“You were always my good girl,” Dad said, sounding wistful.
I didn’t know what to say.
He patted me on the arm. “Call me.”
“Yeah,” I said, my throat tight. “Say bye to Mom for me. I’ll talk to you soon.”
Sam stepped forward. “Your daughter is in safe hands, sir.”
I didn’t wait to hear Dad’s reply. For the first time in hours I stepped outside. Pandemonium erupted. The instinct to turn tail, run and hide, was huge. But with Sam’s big body beside me it wasn’t quite so crazy frightening as before. He put an arm loosely around my shoulder and hustled me out of there, down the garden path, and toward the waiting crowd. Another man in a sharp black suit came toward us, making a way through the mob from the other side. The noise level skyrocketed. A woman yelled that she hated me and called me a cunt. Someone else wanted me to tell David that he loved him. Mostly, though, it was more of the questions. Cameras were shoved in my face, the flashlights glaring. Before I could stumble, Sam was there. My feet barely touched the ground as he and his friend hurried me into the waiting car. Not a limousine. Lauren would be disappointed. It was a fancy new sedan with an all-leather interior. The door slammed shut behind me and Sam and his friend climbed in. The driver nodded to me in the rearview mirror, then carefully accelerated. People banged on the windows and ran alongside. I huddled down in the middle of the seat. Soon we left them behind.
I was on my way back to David.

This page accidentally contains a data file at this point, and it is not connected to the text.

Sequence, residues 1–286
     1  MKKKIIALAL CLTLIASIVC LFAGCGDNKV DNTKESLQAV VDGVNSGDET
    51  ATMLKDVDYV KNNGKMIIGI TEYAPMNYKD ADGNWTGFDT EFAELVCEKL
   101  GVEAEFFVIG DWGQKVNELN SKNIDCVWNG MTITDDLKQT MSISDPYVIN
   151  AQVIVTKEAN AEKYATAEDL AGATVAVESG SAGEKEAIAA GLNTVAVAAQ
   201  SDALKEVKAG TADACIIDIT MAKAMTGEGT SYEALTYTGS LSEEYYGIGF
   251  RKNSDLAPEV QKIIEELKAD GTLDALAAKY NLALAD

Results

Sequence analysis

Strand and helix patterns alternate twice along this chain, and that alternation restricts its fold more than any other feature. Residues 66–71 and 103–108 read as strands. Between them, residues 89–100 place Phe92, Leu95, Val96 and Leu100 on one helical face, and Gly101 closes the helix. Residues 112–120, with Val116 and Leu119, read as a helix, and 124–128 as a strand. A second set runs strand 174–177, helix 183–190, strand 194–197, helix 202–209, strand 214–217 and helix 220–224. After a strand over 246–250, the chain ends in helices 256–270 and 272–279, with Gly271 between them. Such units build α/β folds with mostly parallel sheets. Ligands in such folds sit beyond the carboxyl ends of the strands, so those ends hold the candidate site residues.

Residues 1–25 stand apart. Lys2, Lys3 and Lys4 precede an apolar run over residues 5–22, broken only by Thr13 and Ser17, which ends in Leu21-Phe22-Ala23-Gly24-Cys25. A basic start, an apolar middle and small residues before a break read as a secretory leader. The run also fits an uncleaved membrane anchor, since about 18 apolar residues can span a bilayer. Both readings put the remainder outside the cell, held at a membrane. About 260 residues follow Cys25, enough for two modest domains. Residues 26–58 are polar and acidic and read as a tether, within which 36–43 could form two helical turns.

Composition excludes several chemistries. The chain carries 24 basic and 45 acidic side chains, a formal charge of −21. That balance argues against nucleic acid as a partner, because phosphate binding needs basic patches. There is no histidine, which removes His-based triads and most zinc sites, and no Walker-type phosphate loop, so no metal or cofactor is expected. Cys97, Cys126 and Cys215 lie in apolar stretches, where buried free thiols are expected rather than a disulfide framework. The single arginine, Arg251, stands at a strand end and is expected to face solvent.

I slept on the short flight to LA, curled up in a super comfortable chair in a corner of the private jet. It was a level of luxury above anything I’d ever imagined. If you had to turn your life upside down you might as well enjoy the opulence while you were at it. Sam had offered me champagne and I’d politely declined. The idea of alcohol still turned me inside out. It was entirely possible I’d never drink again.
My career path had been temporarily shot to hell, but never mind, I had a new plan. Get divorced. It was breathtakingly simple. I loved it. I was back in control of my own destiny. One day, when I got married, if I got married, it would not be to a stranger in Vegas. It would not be a terrible mistake.
When I woke up we were landing. Another sleek sedan stood waiting. I’d never been to LA. It looked every bit as wide awake as Vegas, though less glam. Plenty of people were still out and about despite the hour of night.
I had to brave turning on my phone sometime. Lauren would be worried. I pushed the little black button and the screen flashed bright lights at me, coming to life. A hundred and fifty-eight text messages and ninety-seven missed calls. I blinked stupidly at the screen but the number didn’t change. Holy hell. Apparently everyone I knew had heard the news along with quite a few people I did not.
My phone pinged.
Lauren: You okay? Where r u???
Me: LA. Going to him ’til things calm down. You alright?
Lauren: I’m fine. LA? Living the dream.
Me: Private jet was amazing. Though his fans are crazy.
Lauren: Your brother is crazy.
Me: Sorry about that.
Lauren: I can handle him. Whatever happens, do not break up the band!!!
Me: Got it.
Lauren: But break his heart. He wrote San Pedro after what’s-her-face cheated on him. That album was BRILLIANT!
Me: Promise to leave him a broken quivering mess.
Lauren: That’s the spirit.